# Russian mathematician receives the 2014 Abel Prize

The Norwegian Academy of Science and Letters has decided to award the Abel Prize for 2014 to Yakov G. Sinai (78) of Princeton University, USA, and the Landau Institute for Theoretical Physics, Russian Academy of Sciences, *"for his fundamental contributions to dynamical systems, ergodic theory, and mathematical physics". *The President of the Norwegian Academy of Science and Letters, Nils Chr. Stenseth, announced the winner of the 2014 Abel Prize at the Academy in Oslo today, 26 March. Yakov G. Sinai will receive the Abel Prize from His Royal Highness The Crown Prince at an award ceremony in Oslo on 20 May.

The Abel Prize recognizes contributions of extraordinary depth and influence to the mathematical sciences and has been awarded annually since 2003. It carries a cash award of NOK 6,000,000 (about EUR 750,000 or USD 1 million).

Yakov Sinai is one of the most influential mathematicians of the twentieth century. He has achieved numerous groundbreaking results in the theory of dynamical systems, in mathematical physics and in probability theory. Many mathematical results are named after him, including Kolmogorov–Sinai entropy, Sinai’s billiards, Sinai’s random walk, Sinai-Ruelle-Bowen measures, and Pirogov-Sinai theory.

Sinai is highly respected in both physics and mathematics communities as the major architect of the most bridges connecting the world of deterministic (dynamical) systems with the world of probabilistic (stochastic) systems. During the past half-century Yakov Sinai has written more than 250 research papers and a number of books. He has supervised more than 50 Ph.D.-students.

Yakov Sinai has trained and influenced a generation of leading specialists in his research fields. Much of his research has become a standard toolbox for mathematical physicists. The Abel Committee says, “His works had and continue to have a broad and profound impact on mathematics and physics, as well as on the ever-fruitful interaction between these two fields.”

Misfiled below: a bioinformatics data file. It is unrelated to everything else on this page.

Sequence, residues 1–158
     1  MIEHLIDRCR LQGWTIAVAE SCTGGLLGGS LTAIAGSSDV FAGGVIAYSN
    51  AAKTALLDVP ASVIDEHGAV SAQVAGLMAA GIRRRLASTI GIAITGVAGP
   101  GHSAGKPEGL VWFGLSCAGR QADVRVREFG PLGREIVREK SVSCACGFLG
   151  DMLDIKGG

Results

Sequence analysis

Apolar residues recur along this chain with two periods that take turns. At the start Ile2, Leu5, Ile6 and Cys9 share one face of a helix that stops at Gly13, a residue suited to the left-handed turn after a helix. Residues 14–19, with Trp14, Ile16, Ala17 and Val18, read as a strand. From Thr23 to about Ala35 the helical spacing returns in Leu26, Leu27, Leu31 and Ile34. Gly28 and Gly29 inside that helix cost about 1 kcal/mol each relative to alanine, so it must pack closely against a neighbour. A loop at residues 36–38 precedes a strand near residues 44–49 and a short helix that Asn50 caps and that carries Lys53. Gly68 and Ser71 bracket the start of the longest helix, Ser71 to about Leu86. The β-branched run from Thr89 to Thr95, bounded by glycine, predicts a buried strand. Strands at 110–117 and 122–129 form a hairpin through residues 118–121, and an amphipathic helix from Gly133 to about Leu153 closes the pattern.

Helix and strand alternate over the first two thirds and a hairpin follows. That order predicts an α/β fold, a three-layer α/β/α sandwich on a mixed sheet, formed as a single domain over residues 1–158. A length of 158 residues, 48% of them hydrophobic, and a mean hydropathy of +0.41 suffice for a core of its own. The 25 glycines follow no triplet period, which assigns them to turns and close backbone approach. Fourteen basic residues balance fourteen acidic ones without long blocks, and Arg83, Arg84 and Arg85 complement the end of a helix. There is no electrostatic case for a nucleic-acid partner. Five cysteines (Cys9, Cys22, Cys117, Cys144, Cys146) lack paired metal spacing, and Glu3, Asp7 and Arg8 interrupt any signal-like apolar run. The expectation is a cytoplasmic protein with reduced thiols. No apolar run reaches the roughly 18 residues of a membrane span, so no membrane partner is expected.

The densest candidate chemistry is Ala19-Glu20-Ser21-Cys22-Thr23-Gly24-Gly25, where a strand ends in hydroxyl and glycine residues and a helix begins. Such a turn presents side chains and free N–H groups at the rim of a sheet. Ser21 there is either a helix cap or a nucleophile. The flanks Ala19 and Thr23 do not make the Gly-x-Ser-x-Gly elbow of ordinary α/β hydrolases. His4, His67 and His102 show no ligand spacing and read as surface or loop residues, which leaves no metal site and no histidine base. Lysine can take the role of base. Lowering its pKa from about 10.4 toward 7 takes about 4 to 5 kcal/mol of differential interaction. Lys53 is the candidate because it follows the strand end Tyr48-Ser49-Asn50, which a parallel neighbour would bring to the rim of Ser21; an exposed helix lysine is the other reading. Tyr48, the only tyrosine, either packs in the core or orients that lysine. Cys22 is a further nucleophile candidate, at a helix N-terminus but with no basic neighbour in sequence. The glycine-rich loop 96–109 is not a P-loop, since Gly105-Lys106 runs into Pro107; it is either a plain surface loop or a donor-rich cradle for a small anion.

**Awards and honours**

Yakov G. Sinai has received many distinguished international awards. In 2013 he was awarded the Leroy P. Steele Prize for Lifetime Achievement from the American Mathematical Society. Other awards include the Wolf Prize in Mathematics (1997), the Nemmers Prize in Mathematics (2002), the Henri Poincaré Prize from the International Association of Mathematical Physics (2009) and the Dobrushin International Prize from the Institute of Information Transmission of the Russian Academy of Sciences (2009).

Many mathematical societies and academies have elected Sinai to membership or honorary membership: the American Academy of Arts and Sciences (1983), the Russian Academy of Sciences (1991), the London Mathematical Society (1992), the Hungarian Academy of Sciences (1993), the United States National Academy of Sciences (1999), the Brazilian Academy of Sciences (2000), the Academia Europaea (2008), the Polish Academy of Sciences (2009) and the Royal Society of London (2009).